Off Market Swaps

Off-market swap

In this type of swap, a premium is built into the swap price to fund the purchase of options or to allow for the restructuring of a hedge portfolio. Off-market swaps are generally used to restructure or cancel old swap/hedge deals: essentially, they simulate a refinancing pack-age (Source: Risk Publications)

  • The swap value reflects the difference between the swap price and the interest rate that would make the swap have zero value

– As soon as market interest rates change after a swap is entered, the swap has value

  • An off-market swap is one in which the fixed rate is such that the fixed rate and floating rate sides of the swap do not have equal value

– Thus, the swap has value to one of the counterparties

  • If the fixed rate in our at-the-market swap example was 5.75% instead of 5.62%

– The value of the floating rate side would not change
– The value of the fixed rate side would be lower than the floating rate side
– The swap has value to the floating rate payer

Off-Market Pricing

The off-market pricing problem arises when, for one reason or another a client of the swap dealer requires a swap coupon that is different from that quoted for par swaps. Most often, a need for off-market pricing arises when the client has an existing commitment that it cannot perfectly offset at the par coupon.

Adjustments to swap pricing to reflect the off-market requirements of a counterparty can be handled in three ways. These are all based on equating present values and they are equivalent in a present value sense. The first method is to determine the present value differential between the at-market swap and the required off-market swap. The counterparty receiving the greater present value would then pay that identical sum to the other counterparty. If the off-market swap has a swap coupon below that for at-market swaps, the payment is called a buy down. If the off-market swap has a swap coupon above that for at-market swaps, the payment is called a buy up.

Suppose that a counterparty wants to be the fixed-rate payer on a five year swap. At-market pricing requires a swap coupon of 9.52 percent. The client, however, would like a swap with a coupon of only 9.30 percent. The notional principal is $20 million. The differential is 0.22 percent (22 bps) per year or 11 basis points per six month period. Since this same differential will be exchanged each period, we can view it as an annuity. The problem is then to determine the present value of 11 basis points on $20 million (0.0011 * $20 million = $22,000) for ten periods (5 years * 2 periods per year) using a semiannual discount rate of 9.52 percent. The present value annuity formula, given by equation below is used for this purpose. The calculation follows immediately.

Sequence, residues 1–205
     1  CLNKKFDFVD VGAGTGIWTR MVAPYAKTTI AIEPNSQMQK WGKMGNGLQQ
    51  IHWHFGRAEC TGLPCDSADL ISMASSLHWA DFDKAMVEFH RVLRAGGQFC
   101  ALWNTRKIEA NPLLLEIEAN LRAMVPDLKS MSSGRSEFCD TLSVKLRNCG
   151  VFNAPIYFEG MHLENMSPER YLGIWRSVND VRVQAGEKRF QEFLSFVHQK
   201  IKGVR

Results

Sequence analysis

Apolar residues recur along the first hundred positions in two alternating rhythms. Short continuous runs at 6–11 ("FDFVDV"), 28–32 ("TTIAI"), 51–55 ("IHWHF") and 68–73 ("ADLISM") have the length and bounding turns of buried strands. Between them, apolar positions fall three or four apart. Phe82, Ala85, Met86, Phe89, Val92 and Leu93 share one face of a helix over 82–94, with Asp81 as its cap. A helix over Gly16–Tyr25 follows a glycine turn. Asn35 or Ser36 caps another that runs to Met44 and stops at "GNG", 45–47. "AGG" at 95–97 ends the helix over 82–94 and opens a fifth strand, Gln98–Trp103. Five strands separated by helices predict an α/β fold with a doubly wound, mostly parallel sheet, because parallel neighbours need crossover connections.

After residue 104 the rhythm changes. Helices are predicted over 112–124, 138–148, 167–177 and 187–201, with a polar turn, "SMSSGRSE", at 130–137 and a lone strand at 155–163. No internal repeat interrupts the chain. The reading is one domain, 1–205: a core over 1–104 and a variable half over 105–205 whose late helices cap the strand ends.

PVA = PMT * [ (1 - (1 + y/m)-nm ) / (y/m)] where,

PVA = Present value of the annuity
PMT = Annuity payment (per period)
y = yield or discount rate (annual)
m = Periods per year
n = Number of years (tenor)

PVA = 22000 * (1 – (1 + 0.0952/2) -10 ) / (0.0952/2) = $171,875.65.

We conclude that the off-market swap required by the client has a present value of $ 171,875.65 in favor of the client. Thus, to obtain a lower rate that the current swap coupon for at-market swaps, the client will have to pay the dealer an up-front fee of $ 171,875.65. Because the client is looking for a coupon below the current market rate, this constitutes a buy down.

The second method for adjusting the present values is to require a payment upon the termination of the swap. Since we know the present value from the previous calculation, we can easily project the terminal value (TV) using the same rate. This calculation appears below:

TV = PVA * (1 + 0.0952/2)10 = $ 171,875.65 * 1.59204 = $ 273, 633.49.

Terminal value adjustments are rarely, if ever, used to adjust the pricing on off-market swaps.

The final method and one that is often used is to adjust the floating rate side of the swap to maintain the present value equality of the two legs of the swap. In this particular case, we know that the client wants a swap coupon that is 22 basis points less than the at-market swap coupon. This 22 basis point differential is, of course, quoted bond basis. Before adjusting the floating-rate side of the swap, we will need to determine the money market basis equivalent. This adjustment has been is illustrated below.

Floating leg adjustment = (-22 bps) * 360/365 = -12.7 bps.

The swap would then have a swap coupon of 9.30 percent and a floating rate of 6-M LIBOR minus 21.7 bps. The buy down and floating leg off-market adjustments are shown below.

Method 1:
Buy Down

Firm -> 9.30 percent + $ 0.171 million front end --> Swap Dealer --> 6M LIBOR -> Firm

Method 2:
Floating leg
adjustment

Firm -> 9.30 percent --> Swap Dealer --> 6M LIBOR - 21.7 bps -——> Firm

Source: Understanding Swaps by John F. Marshall, Kenneth R. Kapner)

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